Rosh Hashanah commemorates the creation of the world and marks the beginning of the Days of Awe, a 10-day period of introspection and repentance that culminates in the Yom Kippur holiday, also known as the Day of Atonement. Rosh Hashanah and Yom Kippur are the two “High Holy Days” in the Jewish religion.
According to tradition, God judges all creatures during the 10 Days of Awe between Rosh Hashanah and Yom Kippur, deciding whether they will live or die in the coming year. Jewish law teaches that God inscribes the names of the righteous in the “book of life” and condemns the wicked to death on Rosh Hashanah; people who fall between the two categories have until Yom Kippur to perform “teshuvah,” or repentance. As a result, observant Jews consider Rosh Hashanah and the days surrounding it a time for prayer, good deeds, reflecting on past mistakes and making amends with others.
Unlike modern New Year’s celebrations, which are often raucous parties, Rosh Hashanah is a subdued and contemplative holiday. Because Jewish texts differ on the festival’s length, Rosh Hashanah is observed for a single day by some denominations and for two days by others. Work is prohibited, and religious Jews spend much of the holiday attending synagogue. Because the High Holy Day prayer services include distinct liturgical texts, songs and customs, rabbis and their congregations read from a special prayer book known as the machzor during both Rosh Hashanah and Yom Kippur.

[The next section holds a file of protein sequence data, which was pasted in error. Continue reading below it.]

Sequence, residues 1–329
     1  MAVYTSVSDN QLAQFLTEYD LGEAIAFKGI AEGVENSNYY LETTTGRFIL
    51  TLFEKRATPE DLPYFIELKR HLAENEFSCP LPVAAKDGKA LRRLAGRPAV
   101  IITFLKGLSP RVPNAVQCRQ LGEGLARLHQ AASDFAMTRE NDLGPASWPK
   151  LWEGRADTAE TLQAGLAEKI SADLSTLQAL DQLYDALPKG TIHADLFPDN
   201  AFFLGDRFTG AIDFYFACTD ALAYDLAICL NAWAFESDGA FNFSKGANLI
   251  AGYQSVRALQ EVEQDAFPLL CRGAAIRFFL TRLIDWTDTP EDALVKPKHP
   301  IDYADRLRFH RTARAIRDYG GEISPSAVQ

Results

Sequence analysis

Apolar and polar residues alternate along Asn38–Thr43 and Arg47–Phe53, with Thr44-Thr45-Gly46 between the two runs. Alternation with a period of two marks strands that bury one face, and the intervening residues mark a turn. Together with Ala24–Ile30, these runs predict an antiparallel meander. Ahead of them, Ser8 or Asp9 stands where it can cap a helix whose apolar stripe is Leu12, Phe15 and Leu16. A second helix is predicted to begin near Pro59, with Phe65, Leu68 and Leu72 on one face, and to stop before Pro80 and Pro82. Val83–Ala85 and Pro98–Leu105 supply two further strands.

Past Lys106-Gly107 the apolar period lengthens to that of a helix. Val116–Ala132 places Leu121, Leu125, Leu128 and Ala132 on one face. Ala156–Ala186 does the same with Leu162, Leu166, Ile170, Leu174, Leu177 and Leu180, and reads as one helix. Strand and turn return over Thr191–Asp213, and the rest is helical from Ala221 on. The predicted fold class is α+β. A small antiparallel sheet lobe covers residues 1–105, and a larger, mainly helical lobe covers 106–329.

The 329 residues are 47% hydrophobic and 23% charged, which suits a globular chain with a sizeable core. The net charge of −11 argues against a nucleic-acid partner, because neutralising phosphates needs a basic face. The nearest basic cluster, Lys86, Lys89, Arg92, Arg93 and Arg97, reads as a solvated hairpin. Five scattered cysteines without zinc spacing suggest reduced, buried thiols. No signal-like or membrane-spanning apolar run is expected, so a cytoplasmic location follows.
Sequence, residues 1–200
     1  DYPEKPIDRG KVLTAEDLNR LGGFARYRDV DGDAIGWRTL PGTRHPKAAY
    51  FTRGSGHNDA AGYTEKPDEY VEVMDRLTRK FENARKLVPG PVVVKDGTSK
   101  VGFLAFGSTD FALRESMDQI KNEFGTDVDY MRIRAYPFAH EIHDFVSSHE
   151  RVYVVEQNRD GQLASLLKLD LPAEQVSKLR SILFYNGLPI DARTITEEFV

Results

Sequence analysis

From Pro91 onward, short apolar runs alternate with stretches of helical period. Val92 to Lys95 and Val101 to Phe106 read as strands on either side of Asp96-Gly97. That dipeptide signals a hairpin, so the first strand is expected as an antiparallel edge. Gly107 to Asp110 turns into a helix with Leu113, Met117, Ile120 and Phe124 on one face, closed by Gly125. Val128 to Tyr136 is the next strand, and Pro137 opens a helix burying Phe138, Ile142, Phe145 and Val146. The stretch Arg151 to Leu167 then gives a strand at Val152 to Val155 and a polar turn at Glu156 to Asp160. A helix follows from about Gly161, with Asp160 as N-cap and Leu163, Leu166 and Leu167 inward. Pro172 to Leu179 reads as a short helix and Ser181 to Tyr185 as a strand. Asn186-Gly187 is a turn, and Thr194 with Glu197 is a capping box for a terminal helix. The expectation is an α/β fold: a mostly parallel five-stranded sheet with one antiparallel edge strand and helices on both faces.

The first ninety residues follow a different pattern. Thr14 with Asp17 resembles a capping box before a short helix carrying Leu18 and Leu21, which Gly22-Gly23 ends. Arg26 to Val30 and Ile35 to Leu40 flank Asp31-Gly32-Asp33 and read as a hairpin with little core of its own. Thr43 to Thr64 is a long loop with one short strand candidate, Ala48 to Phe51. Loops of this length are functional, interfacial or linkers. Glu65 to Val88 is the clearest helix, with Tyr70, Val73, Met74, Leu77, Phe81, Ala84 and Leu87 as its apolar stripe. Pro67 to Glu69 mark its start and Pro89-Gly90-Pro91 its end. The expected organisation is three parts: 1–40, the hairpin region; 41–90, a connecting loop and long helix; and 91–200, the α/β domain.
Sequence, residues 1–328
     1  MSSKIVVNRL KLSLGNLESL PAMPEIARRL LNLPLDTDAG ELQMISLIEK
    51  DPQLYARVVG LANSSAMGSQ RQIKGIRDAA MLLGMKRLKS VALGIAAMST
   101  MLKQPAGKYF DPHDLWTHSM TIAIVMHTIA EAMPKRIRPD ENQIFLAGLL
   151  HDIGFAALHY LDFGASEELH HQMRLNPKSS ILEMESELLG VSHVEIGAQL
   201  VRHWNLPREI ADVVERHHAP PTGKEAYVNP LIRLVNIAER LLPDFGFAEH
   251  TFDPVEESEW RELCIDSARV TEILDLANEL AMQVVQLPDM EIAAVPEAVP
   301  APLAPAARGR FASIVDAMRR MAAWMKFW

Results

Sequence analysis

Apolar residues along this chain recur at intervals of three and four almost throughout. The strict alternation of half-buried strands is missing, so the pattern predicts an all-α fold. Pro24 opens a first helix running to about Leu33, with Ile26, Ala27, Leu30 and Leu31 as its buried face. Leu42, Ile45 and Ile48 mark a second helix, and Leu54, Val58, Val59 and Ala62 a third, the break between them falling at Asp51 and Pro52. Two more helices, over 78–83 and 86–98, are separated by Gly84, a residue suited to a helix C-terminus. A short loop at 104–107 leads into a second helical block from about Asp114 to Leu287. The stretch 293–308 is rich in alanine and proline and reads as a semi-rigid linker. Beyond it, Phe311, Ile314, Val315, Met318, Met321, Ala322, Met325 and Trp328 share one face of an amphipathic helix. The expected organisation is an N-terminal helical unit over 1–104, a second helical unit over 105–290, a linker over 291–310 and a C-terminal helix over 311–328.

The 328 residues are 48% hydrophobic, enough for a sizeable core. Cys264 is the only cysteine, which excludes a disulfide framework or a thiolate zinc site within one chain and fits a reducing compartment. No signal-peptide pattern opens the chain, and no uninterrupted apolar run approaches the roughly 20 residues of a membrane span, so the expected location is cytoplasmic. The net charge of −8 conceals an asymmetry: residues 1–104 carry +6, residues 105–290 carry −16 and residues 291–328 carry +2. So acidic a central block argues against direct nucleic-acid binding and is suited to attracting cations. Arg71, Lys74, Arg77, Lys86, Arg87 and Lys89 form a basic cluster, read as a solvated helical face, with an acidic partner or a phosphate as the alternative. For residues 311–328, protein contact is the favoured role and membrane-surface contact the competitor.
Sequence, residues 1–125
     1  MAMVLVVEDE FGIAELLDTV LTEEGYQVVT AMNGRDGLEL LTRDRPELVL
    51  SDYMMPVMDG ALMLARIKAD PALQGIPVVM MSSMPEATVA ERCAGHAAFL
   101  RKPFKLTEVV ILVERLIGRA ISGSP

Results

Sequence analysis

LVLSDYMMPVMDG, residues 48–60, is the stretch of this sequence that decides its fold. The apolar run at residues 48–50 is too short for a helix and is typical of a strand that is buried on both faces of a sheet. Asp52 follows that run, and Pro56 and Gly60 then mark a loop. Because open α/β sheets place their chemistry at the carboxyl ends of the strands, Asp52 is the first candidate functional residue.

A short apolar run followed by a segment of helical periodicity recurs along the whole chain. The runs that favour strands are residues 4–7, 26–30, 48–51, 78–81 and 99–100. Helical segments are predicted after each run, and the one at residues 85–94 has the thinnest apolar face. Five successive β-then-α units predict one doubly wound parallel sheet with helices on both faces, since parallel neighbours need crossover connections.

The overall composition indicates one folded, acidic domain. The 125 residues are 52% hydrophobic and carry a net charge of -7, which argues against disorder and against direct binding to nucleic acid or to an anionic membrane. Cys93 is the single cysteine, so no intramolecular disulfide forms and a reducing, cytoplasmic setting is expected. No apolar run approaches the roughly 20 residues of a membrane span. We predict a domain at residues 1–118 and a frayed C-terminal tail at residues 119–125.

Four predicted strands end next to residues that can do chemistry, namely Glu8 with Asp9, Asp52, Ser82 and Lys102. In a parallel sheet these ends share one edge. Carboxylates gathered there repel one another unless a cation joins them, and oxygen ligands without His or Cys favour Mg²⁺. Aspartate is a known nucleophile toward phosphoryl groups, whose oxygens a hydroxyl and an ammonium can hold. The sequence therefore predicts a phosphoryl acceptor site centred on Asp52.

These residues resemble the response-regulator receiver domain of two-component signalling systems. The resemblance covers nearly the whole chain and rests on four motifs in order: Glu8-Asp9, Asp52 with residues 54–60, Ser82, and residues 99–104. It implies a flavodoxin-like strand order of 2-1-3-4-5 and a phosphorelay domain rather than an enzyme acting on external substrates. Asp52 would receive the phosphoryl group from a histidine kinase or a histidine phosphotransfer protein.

This two-day holiday is a special holiday for our Jewish family. It’s a celebration of the Creation of the World yet it’s also a time of contemplation. I hope your holiday is filled with love, joy, friends, and good food. I think it’s awesome that the Creation of the World is celebrated. We need to remember where we came from and where we would be without it.